When enabling security in your service, the most common issues are developer-induced. Either there is a lack of built-in or easy security controls, or we make trade-offs for functionality over security. Still, we have to think about who can access this functionality and what they can do with it.

We got an access token, our gateway performed a coarse grained verification and proxied it to our microservice. We are in a ‘downstream service’, where data is being load-balanced from Zuul. The next questions are:

  • How do we decode this JWT?
  • How can we secure our code with the help of Spring Security?

Assembling the Principal

It is the responsibility of a microservice (Resource Server) to extract information about the user from the access token. Decoding the token allows the extraction of the user’s information. With this information Spring Security will assemble a Principal object containing eg. the username and the user’s roles, and puts it in the security context. Using the security context the AccessDecisionManager will be able to make a decision whether or not the request should be performed. To enable this, we need to add spring security to our class path and add the @EnableResourceServer annotation to our application.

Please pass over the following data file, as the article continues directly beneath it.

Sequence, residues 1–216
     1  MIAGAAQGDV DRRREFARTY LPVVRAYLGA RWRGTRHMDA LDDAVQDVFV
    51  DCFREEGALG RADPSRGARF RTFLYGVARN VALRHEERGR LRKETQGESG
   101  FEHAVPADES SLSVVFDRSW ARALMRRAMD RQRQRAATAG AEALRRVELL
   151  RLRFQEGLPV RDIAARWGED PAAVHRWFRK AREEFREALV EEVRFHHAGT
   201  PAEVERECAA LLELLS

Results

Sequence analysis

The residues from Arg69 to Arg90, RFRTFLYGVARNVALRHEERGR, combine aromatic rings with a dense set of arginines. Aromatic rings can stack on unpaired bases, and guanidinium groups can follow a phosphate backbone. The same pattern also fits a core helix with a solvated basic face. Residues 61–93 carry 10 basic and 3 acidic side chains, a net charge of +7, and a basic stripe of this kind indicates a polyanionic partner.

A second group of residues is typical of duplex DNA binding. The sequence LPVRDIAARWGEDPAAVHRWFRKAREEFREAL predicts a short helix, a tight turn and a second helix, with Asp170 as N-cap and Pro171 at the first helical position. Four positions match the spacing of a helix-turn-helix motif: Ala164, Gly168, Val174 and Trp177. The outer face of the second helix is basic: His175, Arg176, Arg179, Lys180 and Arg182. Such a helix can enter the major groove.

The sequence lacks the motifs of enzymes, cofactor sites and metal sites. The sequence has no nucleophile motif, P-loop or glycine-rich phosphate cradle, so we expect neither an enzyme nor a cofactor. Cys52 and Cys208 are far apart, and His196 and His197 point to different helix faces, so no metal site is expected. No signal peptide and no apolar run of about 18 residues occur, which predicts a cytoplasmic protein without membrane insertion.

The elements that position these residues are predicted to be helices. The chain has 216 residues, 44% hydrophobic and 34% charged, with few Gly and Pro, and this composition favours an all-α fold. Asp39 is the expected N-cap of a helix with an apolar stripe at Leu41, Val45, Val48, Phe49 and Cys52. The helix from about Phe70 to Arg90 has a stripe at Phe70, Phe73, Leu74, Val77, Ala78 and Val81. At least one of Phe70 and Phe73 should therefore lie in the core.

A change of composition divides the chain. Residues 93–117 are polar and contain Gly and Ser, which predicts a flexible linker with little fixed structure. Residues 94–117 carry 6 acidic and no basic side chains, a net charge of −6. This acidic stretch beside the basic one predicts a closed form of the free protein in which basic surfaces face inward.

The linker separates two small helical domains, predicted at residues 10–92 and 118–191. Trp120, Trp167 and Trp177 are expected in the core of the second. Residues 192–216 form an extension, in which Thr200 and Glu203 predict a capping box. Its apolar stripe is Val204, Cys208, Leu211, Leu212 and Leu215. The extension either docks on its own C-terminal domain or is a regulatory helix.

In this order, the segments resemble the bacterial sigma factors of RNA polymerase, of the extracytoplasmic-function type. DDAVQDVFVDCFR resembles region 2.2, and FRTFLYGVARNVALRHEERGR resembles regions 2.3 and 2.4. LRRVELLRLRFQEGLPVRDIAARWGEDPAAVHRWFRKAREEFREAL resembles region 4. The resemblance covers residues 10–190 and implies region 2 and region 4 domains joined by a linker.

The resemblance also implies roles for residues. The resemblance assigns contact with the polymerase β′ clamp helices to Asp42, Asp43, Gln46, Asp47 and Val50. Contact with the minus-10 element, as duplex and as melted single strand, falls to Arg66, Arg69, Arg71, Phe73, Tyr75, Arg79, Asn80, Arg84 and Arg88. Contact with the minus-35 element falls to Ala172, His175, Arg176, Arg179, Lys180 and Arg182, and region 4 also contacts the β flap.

Best practices with keys

The problem that might occur is that every microservice would need to connect with the UAA server for verification on every request.

Zuul verification

Obviously, we don’t want every microservice to depend on the UAA servers availability regardless of startup / testing / CI. The solution is to disable exposure of your microservices to the outer network and handle only incoming traffic via the gateway (eg. Zuul, HAProxy, nginx,…). Zuul will verify the token as a trustworthy client of the UAA server and will propagate the token to the downstream services. But what if a hacker gets inside of your platform?

JSON Web Keys

To solve this issue, we need an extra validity check on the microservice. When verifying a token’s validity, it comes down to verifying if the token was issued by the UAA server. This can be done by requesting the public key used for signing the JWT. This is called a JWK or JSON Web Key. Basically, you can restrict the dependency on the UAA server to one single REST call, where the JWK is fetched from a public URI. Once a microservice has a cached JWK, it can be used to verify any JWT completely by itself. This greatly reduces network calls to the UAA server and still secures all of your microservices. When you want to rotate your private/public key pair, you can use JWKS. We will go deeper into detail in one of our next posts.